According to the results of a The Globe and Mail/CTV poll, Jean has the potential to build support in Quebec, a province typically reluctant to embrace any vestiges of the British Monarchy.
Unlike the rest of Canada, where 64 per cent of those polled said they think the Governor General's job is an important one, that figure in Quebec was just 37 per cent.
The potential Jean could turn that around however, is found in her overall popularity. In stark contrast to the rest of the country -- where 46 per cent of those surveyed thought her appointment was a good choice -- Jean had the support of 71 per cent in Quebec.
Jean's popularity also skews to younger adults and women, 65 per cent of whom think her role is important versus 51 per cent of men.
As Canadians get to know their new Governor General better, the poll results also suggest Jean can expect her popularity to rise.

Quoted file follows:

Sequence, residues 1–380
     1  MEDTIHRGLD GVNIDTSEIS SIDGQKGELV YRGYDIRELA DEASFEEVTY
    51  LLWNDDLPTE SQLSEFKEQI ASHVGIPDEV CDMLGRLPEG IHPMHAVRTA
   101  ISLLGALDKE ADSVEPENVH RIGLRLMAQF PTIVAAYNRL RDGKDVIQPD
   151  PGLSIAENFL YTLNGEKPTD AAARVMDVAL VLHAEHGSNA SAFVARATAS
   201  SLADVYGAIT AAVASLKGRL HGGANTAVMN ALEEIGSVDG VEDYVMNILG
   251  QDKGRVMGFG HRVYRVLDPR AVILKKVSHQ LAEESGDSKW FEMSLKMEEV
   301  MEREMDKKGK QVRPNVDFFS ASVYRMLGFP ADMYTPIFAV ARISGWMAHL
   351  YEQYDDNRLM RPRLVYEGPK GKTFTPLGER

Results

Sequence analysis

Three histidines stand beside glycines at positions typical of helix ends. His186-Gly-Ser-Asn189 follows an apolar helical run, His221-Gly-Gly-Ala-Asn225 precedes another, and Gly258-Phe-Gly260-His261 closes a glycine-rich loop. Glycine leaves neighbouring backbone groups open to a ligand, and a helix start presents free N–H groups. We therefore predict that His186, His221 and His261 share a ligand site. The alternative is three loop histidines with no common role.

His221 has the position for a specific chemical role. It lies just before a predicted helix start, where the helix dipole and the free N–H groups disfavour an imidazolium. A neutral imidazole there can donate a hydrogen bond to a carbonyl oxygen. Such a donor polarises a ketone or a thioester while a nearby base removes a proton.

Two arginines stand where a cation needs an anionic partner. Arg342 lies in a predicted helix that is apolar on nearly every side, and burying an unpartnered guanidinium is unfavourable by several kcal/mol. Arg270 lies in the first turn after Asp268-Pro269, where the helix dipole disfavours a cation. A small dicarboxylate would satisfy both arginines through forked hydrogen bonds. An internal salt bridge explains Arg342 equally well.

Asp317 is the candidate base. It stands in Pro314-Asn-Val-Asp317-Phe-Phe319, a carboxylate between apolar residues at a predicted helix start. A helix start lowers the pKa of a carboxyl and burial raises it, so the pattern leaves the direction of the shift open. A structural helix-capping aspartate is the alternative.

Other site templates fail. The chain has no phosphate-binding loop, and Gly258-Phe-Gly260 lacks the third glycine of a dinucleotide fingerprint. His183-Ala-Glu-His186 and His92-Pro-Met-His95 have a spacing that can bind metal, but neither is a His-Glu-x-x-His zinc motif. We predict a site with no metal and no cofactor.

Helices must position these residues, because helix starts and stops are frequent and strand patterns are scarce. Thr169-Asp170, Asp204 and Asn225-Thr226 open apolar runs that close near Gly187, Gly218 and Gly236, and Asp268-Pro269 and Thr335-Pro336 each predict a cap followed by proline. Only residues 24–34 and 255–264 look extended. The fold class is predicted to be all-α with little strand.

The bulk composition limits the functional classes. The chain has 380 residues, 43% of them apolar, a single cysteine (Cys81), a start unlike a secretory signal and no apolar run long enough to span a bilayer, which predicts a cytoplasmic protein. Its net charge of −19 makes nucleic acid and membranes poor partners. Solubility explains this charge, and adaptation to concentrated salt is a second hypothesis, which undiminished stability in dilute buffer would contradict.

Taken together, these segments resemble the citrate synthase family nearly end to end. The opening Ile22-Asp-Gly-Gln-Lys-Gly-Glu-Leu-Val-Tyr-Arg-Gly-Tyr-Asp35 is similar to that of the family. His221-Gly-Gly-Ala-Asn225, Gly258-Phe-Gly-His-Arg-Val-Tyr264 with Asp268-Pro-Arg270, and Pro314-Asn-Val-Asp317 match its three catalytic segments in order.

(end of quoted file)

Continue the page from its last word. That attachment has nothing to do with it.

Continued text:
After hearing the broad outline of Jean's life story, however, starting from her childhood in Haiti to her emigration and successful career as a multilingual broadcaster, her approval rating jumped from 46 per cent to 63 per cent.
Will the office of governor general now become the exclusive preserve of Quebecois appointees, much as the prime minister's office has effectively become a Quebecois office since Pierre Trudeau?
If so, it will be for even less purpose, because Quebec is not likely to forget the Plains of Abraham and conscription any time soon and embrace the monarchy of les anglais.
The rest of Canada's attachment to the Crown is already fairly weak. Quebec's will always be that much weaker.
If the office is essentially a sinecure for Liberal hacks and affirmative action tokens who do nothing but rubberstamp the PMO's decisions and cut ribbons, why drag the Crown it represents along with it?
Our own growing prime ministerial dictatorship needs an effective executive check to help restore parliamentary democracy in Canada. The tradition of governors general acting only on the advice of their ministers has allowed the Crown to become a tool to subvert democratic government.
A popularly-elected head of state with a democratic mandate to act, when necessary, against a prime minister would carry more legitimacy than an appointed representative of an increasingly foreign monarchy.
Only constitutional inertia prevents Canadians from implementing the best solution: replacing a feeble vice-regent with a powerful president.